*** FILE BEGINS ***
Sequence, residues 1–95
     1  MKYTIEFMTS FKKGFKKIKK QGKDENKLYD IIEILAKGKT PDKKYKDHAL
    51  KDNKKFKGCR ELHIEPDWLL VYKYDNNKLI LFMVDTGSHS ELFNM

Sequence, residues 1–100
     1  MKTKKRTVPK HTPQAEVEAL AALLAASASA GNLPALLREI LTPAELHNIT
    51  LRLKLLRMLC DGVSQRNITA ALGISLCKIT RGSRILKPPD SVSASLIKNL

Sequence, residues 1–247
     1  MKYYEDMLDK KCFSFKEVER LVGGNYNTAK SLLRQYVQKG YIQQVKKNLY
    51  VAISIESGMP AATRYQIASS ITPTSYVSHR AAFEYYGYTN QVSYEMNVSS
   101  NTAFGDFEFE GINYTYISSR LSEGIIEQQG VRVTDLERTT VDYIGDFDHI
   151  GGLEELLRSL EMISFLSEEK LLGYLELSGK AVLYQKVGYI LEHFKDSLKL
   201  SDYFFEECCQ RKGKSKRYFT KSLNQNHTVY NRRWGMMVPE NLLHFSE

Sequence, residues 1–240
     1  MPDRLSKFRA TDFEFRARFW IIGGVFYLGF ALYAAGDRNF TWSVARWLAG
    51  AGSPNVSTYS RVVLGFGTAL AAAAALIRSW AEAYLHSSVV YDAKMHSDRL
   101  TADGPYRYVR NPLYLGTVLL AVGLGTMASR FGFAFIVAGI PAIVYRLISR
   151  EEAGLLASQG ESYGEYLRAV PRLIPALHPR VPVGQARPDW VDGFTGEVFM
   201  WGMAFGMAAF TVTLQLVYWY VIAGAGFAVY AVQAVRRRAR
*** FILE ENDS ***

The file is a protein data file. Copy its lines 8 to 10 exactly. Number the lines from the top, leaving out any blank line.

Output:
     1  MKYYEDMLDK KCFSFKEVER LVGGNYNTAK SLLRQYVQKG YIQQVKKNLY
    51  VAISIESGMP AATRYQIASS ITPTSYVSHR AAFEYYGYTN QVSYEMNVSS
   101  NTAFGDFEFE GINYTYISSR LSEGIIEQQG VRVTDLERTT VDYIGDFDHI